Winning hearts and minds in the Arab World
By Ali Alarabi
Ever since September 11, 2001, the White House has ushered a new public relations policy toward the Middle East in order to garner grass root support for the US in a region better known for its resentment of US foreign policy towards it. This new approach toward the Middle East came to be known as the policy of: “wining the hearts and minds” of the Arab world and it was spearheaded by Karen Hughes, in charge of public policy at the State Department; the strategy was supported by Arabic-Speaking officials who frequently appear to the Arab World through Al-Jazeera and other channels. But the White House has neither won any hearts nor any minds in the Arab World. In fact, it is clear we have lost much support in both.
The phrase “wining the hearts and minds” came about after this White House, and in light of the tragedy of September 11, has concluded that years of neglecting the public opinion in the Arab world while depending on the support of Arab rulers, have backfired on the US interests in the region, giving a measure of credibility to the terrorists’ argument that the US supports dictators and oppression, not democratic change or peace in the region.
The problem here is not just the notion “winning the hearts and minds,” which basically consist of sugar-coated words about “Freedom” “Democracy” and “human rights.” The fundamental flow with this notion is that it is a Public Relations strategy, but little more. This strategy is not accompanied by a real change in the United States official policy toward the Middle East, which is needed in order to make the PR campaign work.
Moreover, it lacks a strategy to make it more credible, portraying the US as a genuine partner in developing democracy and stability in that region. Six years later, however, the White House has made very little progress in the Arab world, if any at all. The reason being is that, this White House, and the ones before and perhaps the ones that will come after it continues to make Israel a priority in its Middle East foreign policy. This is of course very troubling and problematic for the US and its Arab allies.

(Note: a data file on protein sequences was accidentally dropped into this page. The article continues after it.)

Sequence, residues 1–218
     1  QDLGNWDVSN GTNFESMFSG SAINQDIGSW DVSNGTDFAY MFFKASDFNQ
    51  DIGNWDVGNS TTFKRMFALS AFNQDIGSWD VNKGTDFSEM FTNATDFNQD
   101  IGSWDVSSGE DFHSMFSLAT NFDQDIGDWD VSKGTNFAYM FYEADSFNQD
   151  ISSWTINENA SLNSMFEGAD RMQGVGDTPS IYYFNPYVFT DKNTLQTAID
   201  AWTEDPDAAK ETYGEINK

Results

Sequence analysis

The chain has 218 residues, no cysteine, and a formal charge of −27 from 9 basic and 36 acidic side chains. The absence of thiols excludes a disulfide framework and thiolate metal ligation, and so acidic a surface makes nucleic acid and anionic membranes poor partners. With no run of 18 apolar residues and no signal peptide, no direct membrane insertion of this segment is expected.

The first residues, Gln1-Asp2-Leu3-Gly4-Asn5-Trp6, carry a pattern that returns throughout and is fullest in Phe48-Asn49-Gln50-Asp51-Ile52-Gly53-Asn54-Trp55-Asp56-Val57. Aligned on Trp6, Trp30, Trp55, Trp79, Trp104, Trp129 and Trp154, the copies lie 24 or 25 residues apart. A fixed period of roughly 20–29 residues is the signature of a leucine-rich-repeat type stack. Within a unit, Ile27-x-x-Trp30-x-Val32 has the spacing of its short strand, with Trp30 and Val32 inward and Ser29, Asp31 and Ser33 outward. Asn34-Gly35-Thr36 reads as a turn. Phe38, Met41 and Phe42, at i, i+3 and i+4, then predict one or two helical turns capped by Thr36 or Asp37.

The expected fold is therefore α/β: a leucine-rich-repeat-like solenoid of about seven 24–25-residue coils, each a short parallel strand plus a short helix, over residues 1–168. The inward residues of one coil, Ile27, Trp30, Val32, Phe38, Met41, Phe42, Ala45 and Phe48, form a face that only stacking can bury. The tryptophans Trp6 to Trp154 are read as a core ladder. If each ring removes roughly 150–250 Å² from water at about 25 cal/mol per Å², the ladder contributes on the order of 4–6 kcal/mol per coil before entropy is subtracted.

The United States puts Israel at one end of the scale and the entire Arab world at the other end, and almost always Israel weighs more in the eyes of US politicians than the entire region with its huge economic and strategic importance. With an official US policy like this, Arabs are left to believe, and lament, that when it comes to Israel, Arabs are no more than “chopped liver” Israel on the enjoys almost unlimited economic, financial and military support from the United States, support that goes beyond the most basic of American interests.
In the Arab world, however, this support is perceived as being aggressively against their own interests. For example, official US support for Israel’s war that devastated Lebanon last summer did not help better America’s image. It was the United States that stood int he way of international efforts to bring the fighting to a halt. Neither has the failed war in Iraq, which will continue to be a constant source of condemnation of the US and its allies.
As for the Palestinian-Israeli peace or lack of it, this White House has made its policy very clear from the very beginning, and that it supports Israeli hard line position without reservation, if not identical to it, and that is no serious negotiating with the Palestinians, continuing building illegal Jewish settlements, continuing conducting military raids on Palestinian cities, and installing military check points and blockades that strangle the Palestinian civic life and economic activities.
Moreover, the United States has officially, for the first time, departed from long held US policy position that the United States government should not support illegal Jewish settlements in occupied Palestinian territories, a policy position that was in line with international law and Geneva conventions. Taking the US unlimited support for Israel’s aggressive behavior in the region into consideration, and Iraq’s fiasco, one should not be surprised at the high level of resentment and disapproval of the United State’s policies and its image in the region.
So long as these kind policies continue to dominate American foreign policy, the US stands to win neither the hearts nor the minds of the Arab world. Consequently such policies will breed more resentment and fuel discontent that eventually might manifest itself through violent expression.
The United States government needs to re-think its policies in the Middle East in a way that will make it acceptable both for Israel and Arabs without taking sides. If the purpose of winning the hearts and minds of the Arab World is to achieve peace, democracy, and stability in the Middle East, is it too much to ask that American foreign policy must try, at least, to be fair?
(Ali Alarabi is managing editor of The Arab Desk at www. TheArabDesk.com. Copyright Arab Writers Group Syndicate, http://www.ArabWritersGroup.com )